Lesson for moms today: Champion the “somebodiness” inherent in all people because they are created in God’s image (Gen. 1:26-27) and teach your children to do the same.

ELISABETH ELLIOT – wife, missionary, and mother (1926-2015)

Elisabeth was born to missionaries and zealously pursued missions herself. After studying Greek in college, she went to Ecuador to share Christ with unreached tribes. Jim Elliot was also in Ecuador, and they were soon married. Along with a team of missionaries, the Elliot’s set out to locate and contact the Auca Indians who had previously killed everyone that tried to make contact.

When Elisabeth’s first and only child, Valerie, was ten months old, Jim and four other missionaries were speared to death when they reached with the Auca people. Undeterred from the mission, Elisabeth stayed in Ecuador with Valerie and continued pursuing ministry among the Auca.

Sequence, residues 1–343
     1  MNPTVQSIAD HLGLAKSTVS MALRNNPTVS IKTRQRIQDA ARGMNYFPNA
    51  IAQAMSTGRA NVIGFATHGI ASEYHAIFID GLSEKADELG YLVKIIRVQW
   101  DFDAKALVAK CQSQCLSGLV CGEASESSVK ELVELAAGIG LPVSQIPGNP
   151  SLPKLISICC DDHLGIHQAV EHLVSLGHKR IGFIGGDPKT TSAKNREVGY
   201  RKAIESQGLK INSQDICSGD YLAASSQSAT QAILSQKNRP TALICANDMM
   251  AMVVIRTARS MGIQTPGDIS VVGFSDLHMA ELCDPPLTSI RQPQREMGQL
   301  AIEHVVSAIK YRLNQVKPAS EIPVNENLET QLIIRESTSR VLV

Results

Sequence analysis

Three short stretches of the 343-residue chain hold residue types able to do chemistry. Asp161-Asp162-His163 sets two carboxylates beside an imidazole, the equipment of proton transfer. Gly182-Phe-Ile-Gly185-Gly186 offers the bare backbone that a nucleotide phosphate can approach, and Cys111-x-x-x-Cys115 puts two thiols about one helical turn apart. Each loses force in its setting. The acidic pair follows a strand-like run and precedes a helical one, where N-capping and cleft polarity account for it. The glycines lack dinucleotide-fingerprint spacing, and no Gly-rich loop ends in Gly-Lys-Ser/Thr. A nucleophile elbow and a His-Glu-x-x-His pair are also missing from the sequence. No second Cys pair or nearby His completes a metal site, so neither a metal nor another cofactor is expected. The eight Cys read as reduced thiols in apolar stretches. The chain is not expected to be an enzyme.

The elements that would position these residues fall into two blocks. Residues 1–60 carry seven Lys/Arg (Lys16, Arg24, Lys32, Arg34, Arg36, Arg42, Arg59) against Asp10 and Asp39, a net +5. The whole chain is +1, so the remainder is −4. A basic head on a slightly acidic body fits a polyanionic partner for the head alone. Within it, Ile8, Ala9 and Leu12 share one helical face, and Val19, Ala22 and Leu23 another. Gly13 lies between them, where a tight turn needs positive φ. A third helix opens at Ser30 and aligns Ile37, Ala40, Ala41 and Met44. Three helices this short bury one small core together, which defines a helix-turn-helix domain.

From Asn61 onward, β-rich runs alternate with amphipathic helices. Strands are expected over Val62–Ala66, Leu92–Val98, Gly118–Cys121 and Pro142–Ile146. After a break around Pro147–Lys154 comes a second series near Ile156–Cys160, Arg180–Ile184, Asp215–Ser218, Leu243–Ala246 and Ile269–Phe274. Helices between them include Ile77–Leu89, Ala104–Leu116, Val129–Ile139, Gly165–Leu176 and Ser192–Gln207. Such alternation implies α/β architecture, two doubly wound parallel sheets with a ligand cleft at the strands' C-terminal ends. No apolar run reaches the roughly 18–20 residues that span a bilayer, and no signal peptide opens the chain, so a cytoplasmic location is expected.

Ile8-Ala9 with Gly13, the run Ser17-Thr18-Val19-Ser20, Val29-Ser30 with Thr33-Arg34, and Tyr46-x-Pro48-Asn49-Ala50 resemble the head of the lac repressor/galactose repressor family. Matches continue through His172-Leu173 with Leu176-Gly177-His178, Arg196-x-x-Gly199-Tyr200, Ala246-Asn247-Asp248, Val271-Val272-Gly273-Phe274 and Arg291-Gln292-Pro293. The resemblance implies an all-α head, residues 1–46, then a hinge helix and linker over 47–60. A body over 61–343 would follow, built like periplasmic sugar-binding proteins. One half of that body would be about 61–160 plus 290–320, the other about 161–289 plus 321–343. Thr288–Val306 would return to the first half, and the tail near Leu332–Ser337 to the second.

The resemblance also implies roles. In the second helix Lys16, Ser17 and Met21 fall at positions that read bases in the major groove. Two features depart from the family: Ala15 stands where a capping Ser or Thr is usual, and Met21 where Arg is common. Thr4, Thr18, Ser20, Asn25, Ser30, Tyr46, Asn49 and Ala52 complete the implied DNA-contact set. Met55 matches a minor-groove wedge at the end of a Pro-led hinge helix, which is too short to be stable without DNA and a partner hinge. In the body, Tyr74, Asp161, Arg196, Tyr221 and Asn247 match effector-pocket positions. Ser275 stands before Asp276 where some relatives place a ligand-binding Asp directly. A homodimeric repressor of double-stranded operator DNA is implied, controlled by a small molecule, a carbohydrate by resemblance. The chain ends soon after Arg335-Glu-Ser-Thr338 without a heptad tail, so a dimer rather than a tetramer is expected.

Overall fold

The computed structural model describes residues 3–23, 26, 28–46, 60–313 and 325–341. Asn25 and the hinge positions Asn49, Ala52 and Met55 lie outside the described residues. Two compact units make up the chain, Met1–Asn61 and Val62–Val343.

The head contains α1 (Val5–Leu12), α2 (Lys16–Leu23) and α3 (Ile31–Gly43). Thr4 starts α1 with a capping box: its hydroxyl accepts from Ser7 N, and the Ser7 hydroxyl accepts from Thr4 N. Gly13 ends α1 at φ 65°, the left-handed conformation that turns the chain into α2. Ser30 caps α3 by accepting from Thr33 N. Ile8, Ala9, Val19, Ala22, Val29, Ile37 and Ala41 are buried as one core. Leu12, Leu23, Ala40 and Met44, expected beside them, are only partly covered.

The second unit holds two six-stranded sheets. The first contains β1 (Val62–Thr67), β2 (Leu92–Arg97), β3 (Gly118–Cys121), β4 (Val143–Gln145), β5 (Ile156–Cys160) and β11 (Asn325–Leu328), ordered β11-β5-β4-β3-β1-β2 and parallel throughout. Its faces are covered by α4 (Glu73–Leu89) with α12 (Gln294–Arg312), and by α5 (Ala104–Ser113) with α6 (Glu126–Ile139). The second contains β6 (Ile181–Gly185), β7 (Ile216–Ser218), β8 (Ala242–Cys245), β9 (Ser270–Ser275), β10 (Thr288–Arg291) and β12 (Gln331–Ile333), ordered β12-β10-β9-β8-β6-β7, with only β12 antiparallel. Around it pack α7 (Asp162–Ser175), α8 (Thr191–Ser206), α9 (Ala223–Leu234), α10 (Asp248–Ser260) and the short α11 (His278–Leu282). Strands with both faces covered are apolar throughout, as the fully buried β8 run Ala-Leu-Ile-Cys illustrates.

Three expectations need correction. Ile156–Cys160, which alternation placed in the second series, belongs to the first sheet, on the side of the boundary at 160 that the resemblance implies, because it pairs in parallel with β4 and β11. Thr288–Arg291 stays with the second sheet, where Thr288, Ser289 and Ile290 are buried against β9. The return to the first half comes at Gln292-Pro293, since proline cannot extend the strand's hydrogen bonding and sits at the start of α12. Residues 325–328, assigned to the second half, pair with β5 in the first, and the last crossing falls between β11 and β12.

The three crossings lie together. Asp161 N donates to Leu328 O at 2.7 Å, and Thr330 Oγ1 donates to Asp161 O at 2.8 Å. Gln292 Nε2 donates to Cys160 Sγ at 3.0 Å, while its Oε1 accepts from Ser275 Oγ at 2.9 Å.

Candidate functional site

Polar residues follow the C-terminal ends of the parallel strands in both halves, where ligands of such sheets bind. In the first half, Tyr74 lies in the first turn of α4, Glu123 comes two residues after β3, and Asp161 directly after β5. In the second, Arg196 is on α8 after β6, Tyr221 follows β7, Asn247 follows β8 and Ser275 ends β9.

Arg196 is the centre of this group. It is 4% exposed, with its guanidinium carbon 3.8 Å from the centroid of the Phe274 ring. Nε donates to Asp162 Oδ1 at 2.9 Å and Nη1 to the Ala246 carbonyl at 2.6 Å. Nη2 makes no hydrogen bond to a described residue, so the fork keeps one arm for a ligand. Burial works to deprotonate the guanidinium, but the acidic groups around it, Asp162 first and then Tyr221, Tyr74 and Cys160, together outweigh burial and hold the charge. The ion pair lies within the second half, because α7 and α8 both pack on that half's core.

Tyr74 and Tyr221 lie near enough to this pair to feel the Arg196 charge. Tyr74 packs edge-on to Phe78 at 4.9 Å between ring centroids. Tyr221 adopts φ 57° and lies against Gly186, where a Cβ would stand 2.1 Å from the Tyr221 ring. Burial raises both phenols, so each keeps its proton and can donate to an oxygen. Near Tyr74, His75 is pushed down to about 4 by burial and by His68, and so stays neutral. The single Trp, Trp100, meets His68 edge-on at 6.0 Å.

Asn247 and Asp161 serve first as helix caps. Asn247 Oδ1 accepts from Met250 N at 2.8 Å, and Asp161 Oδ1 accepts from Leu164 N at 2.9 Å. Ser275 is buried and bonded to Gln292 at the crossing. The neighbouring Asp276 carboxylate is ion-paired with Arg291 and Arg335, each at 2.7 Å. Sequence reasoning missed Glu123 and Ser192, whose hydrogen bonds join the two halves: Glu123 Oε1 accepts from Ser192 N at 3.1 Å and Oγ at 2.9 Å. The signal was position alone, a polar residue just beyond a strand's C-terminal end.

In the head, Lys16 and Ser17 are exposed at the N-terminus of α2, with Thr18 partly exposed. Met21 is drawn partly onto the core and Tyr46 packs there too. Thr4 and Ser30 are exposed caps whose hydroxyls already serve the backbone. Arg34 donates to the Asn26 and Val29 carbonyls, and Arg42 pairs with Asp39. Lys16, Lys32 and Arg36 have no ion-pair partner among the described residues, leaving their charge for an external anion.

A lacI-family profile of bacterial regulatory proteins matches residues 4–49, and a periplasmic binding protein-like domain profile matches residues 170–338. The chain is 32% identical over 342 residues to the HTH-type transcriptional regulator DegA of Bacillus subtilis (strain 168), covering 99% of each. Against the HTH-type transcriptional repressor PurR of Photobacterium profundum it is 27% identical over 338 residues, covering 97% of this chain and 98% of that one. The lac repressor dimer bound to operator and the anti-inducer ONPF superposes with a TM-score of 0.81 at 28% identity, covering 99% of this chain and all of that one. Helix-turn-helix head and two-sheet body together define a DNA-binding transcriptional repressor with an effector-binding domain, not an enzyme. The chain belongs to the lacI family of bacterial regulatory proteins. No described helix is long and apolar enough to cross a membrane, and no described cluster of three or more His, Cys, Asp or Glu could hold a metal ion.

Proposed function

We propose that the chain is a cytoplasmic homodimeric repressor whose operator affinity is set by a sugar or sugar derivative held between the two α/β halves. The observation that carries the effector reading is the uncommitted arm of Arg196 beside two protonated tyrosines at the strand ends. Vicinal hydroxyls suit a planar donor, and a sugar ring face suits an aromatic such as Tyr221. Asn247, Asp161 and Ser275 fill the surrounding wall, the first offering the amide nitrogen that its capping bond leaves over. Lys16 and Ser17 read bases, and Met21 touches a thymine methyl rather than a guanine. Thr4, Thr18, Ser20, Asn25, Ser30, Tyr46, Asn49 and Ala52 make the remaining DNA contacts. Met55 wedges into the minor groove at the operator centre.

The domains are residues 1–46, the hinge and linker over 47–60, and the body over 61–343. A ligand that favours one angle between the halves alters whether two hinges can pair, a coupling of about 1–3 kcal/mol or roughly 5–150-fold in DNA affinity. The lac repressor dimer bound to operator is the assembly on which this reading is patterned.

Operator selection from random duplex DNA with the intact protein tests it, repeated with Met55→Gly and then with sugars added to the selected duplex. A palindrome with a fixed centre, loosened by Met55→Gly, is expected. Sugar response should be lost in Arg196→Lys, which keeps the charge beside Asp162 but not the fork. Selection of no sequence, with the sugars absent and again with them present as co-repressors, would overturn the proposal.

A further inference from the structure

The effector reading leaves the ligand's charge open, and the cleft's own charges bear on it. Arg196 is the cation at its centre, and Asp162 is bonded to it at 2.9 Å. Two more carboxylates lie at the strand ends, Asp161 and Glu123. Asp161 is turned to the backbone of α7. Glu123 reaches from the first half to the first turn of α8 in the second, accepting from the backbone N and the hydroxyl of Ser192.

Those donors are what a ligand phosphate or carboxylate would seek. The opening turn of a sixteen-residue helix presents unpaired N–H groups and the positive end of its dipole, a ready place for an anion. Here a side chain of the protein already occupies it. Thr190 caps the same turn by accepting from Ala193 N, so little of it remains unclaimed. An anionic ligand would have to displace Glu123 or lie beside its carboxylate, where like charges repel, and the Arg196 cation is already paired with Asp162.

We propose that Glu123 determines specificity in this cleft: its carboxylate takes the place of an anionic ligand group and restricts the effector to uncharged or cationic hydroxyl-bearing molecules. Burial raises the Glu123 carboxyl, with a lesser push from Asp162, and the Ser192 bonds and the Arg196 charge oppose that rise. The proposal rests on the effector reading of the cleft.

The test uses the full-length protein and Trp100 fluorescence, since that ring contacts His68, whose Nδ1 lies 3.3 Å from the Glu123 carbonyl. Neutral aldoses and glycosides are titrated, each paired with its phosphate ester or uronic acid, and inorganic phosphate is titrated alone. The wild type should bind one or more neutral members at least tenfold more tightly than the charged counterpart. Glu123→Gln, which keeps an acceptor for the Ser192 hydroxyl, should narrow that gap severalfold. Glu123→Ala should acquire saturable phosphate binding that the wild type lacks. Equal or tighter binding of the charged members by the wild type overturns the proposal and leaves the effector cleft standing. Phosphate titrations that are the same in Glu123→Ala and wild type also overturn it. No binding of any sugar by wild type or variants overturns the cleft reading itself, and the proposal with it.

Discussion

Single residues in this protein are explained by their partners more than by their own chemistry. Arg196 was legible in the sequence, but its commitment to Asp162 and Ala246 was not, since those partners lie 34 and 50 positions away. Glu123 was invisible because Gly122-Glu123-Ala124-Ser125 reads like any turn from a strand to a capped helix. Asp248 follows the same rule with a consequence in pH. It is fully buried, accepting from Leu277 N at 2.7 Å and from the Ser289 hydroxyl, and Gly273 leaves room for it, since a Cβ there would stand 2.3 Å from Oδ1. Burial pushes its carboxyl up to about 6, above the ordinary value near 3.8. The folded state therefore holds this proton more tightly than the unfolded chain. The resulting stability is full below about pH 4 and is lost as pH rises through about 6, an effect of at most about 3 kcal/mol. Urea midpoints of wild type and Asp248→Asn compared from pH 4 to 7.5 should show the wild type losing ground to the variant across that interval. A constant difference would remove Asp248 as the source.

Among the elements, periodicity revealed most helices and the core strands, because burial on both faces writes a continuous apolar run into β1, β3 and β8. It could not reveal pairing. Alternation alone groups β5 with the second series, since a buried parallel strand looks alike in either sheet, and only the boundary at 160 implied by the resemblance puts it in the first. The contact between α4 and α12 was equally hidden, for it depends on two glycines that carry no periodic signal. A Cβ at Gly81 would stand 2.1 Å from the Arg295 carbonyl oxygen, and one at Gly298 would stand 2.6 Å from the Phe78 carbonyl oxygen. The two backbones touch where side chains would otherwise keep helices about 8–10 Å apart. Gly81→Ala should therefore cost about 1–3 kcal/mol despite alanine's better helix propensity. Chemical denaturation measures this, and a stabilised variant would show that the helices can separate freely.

Valerie recently said, “Because my parents prayed and hoped to bring Indians to the Lord, when my father was killed my mother had no plan or immediate thought she should leave Ecuador. Human fears would flood her mind, but verses from Scripture gave her peace and assurance we would be taken care of. Mother continued to work with the Indians and continued to pray for them. And the more that she prayed for them, the greater her love grew for these people in need of a Savior.”[7]

Lesson for moms today: Motherhood doesn’t preclude you from mission. Be a mom on mission. Go and make disciples of all nations (Matt. 28:19)—and take your children with you.


The writer of Hebrews admonished early Christians to “Remember your leaders, those who spoke to you the word of God. Consider the outcome of their way of life, and imitate their faith” (Heb. 13:7).

These six women from history are leaders to the moms of today. Let’s imitate their faith as we seek to raise our children in the Lord.